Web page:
Florida Governor Rick Scott’s elections chief is defending changes to election law that shrink the number of days for early voting by arguing that polling places will be open the same number of hours they are now. Yes, fewer days, Secretary of State Kurt Browning wrote in a May 23, 2011, guest column in the St. Petersburg Times. But longer hours on those days.
HB 1355, which Scott signed into law May 19, cuts the number of days of early voting from 14 to 8, makes it harder for third-party voter registration groups to register prospective voters and requires voters who change their address from one county to another on the day of an election to cast a provisional ballot, which would then be reviewed by the county canvassing board.
Browning and Republicans who supported the law say the changes will better protect the state’s voting system against fraud. Democrats say the changes are an attempt to suppress voter turnout.
“To combat voter fraud, reduce the burden on poll workers and provide needed flexibility to local election supervisors, the number of days polls remain open has been reduced from 14 possible days to eight days, even as the total number of hours available for early voting will remain the same,” Browning wrote in a column titled “Florida’s early voting remains at 96 hours.”
“The result is that working voters will be able to vote before or after work, something they haven’t been able to do in the past,” he wrote. “That added flexibility will enable more people than ever to take advantage of early voting. And, if an election supervisor finds it’s not absolutely necessary to keep all of his or her polling places open a full 12 hours a day, which isn’t unusual for rural areas, he or she has the flexibility to save taxpayer money by not employing poll workers that aren’t needed.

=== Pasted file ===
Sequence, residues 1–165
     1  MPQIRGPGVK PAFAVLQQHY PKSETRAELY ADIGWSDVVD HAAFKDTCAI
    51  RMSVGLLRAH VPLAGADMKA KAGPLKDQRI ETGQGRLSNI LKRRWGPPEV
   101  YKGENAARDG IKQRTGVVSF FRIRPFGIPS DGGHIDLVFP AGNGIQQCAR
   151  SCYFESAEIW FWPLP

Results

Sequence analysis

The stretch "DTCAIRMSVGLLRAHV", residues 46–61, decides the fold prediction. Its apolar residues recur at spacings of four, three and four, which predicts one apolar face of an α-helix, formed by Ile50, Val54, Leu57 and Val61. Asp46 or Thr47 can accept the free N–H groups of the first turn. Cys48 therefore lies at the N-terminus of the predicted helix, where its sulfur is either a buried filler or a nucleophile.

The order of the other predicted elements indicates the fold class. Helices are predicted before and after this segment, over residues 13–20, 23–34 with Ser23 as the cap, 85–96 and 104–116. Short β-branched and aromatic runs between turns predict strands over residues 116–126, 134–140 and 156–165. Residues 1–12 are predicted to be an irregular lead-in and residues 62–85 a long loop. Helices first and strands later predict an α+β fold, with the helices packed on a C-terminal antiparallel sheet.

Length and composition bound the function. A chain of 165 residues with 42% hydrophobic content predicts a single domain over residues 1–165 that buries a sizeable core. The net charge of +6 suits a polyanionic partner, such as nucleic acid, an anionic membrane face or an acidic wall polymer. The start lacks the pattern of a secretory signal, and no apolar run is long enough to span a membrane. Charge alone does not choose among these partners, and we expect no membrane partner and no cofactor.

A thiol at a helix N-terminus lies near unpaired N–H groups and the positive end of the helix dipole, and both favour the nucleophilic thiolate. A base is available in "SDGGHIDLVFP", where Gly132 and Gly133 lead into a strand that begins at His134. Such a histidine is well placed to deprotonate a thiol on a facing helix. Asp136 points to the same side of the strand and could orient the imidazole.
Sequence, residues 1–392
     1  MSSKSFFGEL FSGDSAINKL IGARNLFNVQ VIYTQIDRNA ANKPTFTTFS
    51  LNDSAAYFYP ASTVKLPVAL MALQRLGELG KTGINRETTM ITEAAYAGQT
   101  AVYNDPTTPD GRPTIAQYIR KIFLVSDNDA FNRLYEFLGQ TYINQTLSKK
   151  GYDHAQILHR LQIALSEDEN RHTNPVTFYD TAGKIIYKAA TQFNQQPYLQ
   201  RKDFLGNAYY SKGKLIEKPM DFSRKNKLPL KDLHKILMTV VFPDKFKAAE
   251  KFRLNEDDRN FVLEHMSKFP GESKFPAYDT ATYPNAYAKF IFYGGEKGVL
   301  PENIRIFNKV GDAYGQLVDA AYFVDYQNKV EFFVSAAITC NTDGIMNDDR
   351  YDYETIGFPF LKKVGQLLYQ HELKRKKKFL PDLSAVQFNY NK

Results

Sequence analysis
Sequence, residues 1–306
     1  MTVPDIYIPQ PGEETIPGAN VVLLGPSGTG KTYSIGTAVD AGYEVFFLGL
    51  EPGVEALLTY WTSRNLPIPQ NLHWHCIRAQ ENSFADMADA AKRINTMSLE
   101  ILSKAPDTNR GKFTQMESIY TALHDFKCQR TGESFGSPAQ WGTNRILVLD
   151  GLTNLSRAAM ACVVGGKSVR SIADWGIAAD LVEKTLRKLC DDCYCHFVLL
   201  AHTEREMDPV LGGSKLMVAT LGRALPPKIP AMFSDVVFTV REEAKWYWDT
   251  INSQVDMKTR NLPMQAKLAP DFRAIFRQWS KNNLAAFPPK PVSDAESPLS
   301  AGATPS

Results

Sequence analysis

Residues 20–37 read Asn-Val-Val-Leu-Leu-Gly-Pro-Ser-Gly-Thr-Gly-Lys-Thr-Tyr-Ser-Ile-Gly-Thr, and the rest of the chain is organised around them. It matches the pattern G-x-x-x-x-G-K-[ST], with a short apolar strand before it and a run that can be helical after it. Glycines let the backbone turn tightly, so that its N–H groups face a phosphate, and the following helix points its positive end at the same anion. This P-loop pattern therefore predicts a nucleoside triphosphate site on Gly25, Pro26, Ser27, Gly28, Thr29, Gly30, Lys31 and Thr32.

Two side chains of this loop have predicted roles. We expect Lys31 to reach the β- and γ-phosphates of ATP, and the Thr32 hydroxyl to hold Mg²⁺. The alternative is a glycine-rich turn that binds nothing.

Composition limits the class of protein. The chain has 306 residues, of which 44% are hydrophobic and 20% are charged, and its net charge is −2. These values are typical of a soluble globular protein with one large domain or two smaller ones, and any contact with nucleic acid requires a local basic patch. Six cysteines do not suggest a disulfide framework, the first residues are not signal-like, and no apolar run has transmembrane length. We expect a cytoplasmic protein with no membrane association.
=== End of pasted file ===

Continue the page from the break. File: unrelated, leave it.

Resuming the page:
“Critics of the new election law suggest there will be less time to vote. That is just not the case. Now, more than ever, voters have more options to choose from in order to take advantage of early voting.”
In closing Browning wrote: “Today, the following remains true: Early voting remains at 96 hours, with greater flexibility for counties … ”
We wanted to see if Browning is right.